tweetdeckI’ve dabbled with TweetDeck for some time, using it periodically but always finding my way back to my home-grown Content Master.  The Twitter part of Content Master, of course, is the excellent TwitterGadget, which does a lot of really neat things that other Twitter apps have surprisingly not implemented.  TweetDeck comes about as close as any desktop app I have used.  With a few additions, I think TweetDeck could become my Twitter app of choice.

But make no mistake, for that to happen, this has to happen:

First, it absolutely must allow multiple columns of “All Friends,” to allow users to better manage screen space.  The most important part of Twitter is the river of posts from the people you follow.  Having a single column to view this limits you to 6-10 posts on your screen.  That is far too few (sure, I could scroll down, but I’d rather allocate more screen space).  Users should be able to allocate multiple columns to the river, with new posts appearing in the first column and then moving to next column(s) before they rotate off your screen.  This is a must-have feature that should be implemented today.  Literally.

Second, how about a Google Reader implementation.  There’s already a way to add your Facebook data to TweetDeck.  Give me a way to access my Google Reader information from within the application and I’d be hooked.  Something similar to, but more robust than, the Google Reader gadget would be a great start.  I’d be happy with Google Reader.  I’d be thrilled if other apps were also incorporated, like Delicious, Read It Later, Photobucket, Dropbox, etc.  In other words, make TweetDeck as good for publishing Twitter content as it is for reading it.

Third, once all that additional source data is available from within TweetDeck, allow articles to be dragged from the applicable column (i.e., the Google Reader column), into the Tweet message box.  Populate the message box with the title of the article you dropped in there, and populate the link box with the URL, which should then be automatically shortened.

Fourth, provide a way to export all, filtered portions or individual items from your TweetDeck to other services, via RSS feeds.  That would allow you to use TweetDeck as the publishing platform not only for Twitter, but also for other services.  If I could selectively embed some of the content I read and publish in TweetDeck to my blog or some other site, that would be very helpful.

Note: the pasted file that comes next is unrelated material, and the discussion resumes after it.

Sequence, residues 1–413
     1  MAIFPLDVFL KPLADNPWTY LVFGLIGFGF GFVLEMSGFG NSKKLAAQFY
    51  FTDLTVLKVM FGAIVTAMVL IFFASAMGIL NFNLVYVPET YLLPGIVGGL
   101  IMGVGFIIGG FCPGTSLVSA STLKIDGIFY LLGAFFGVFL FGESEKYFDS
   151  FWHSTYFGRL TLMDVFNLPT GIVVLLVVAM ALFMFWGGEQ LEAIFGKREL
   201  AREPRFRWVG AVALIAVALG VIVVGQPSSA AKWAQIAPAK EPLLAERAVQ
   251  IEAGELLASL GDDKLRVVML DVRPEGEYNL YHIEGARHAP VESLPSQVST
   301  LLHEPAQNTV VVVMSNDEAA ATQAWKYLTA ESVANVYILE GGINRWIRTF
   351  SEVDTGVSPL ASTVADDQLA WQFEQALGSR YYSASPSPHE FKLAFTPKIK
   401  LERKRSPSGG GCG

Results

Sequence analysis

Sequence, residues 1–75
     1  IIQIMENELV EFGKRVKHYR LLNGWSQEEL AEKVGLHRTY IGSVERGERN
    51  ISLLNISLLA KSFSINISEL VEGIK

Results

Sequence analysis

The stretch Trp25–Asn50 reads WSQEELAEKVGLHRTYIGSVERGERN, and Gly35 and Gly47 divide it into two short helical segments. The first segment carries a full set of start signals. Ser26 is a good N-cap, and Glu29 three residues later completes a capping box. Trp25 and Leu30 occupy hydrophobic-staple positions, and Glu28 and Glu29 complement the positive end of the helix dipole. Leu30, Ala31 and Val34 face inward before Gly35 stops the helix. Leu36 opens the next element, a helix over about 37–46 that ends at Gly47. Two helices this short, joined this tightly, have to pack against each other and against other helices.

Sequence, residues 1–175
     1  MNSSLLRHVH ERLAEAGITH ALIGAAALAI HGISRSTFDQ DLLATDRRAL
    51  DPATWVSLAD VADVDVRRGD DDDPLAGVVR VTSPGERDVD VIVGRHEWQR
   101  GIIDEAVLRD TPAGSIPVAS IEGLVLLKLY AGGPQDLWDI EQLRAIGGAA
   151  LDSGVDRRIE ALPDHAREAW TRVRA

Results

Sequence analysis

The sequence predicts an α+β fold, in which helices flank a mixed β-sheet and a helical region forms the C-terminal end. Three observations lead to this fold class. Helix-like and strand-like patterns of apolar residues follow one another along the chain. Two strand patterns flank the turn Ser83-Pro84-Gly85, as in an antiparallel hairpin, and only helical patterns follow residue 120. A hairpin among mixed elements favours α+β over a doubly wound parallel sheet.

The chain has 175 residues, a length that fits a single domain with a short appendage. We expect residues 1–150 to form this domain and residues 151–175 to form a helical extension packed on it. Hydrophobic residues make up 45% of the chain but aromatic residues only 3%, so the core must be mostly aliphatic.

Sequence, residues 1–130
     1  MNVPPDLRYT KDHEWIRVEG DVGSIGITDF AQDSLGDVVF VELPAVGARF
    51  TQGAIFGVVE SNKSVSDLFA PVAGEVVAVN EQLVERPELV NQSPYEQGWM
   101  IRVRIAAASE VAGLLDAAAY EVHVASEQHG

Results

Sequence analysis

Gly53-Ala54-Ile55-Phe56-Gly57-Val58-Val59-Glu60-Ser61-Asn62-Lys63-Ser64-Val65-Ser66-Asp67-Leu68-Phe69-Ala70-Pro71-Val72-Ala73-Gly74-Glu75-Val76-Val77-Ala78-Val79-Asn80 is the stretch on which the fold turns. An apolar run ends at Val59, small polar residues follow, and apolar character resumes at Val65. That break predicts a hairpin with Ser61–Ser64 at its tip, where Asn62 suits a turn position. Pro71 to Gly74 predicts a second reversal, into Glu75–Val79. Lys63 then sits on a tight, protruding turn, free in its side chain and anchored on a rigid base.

Fifth, create a top row of tabs for different TweetDeck page layouts, content and implementations.  If I could have my Twitter stuff under one tab and my Google Reader and Facebook stuff under another one, that would give me the flexibility I seek.  iGoogle, My Yahoo and other apps already have tab or tab-like features, so this shouldn’t be hard to add.

That should keep you busy for the rest of the day.  What are you waiting on?  Time’s a wastin’.

Why the Flock Doesn't Flock

Sarah Perez wonders why more people don’t use Flock, the super-charged Firefox based web browser that has lots of social networking features baked right in to the interface.  That’s a good question, and after thinking about it, I have a theory.

I think it has to do with the Facebook/geek ratio.  By geek, I don’t mean someone who swims deeply in the online ocean.  I mean the hardcore technophiles, like most of the people who write for and read the big tech blogs, etc.  I am a part of that demographic, along with lots of the people I blog and tweet around with.  Our population seems large, because of the world-shrinking effect of the technology.  The same technology that allows me to be friends and podcast mates with two dudes from Australia also allows people to have and stay in constant communication with like-minded friends all over the world.  So while the geek crowd seems large, it’s not.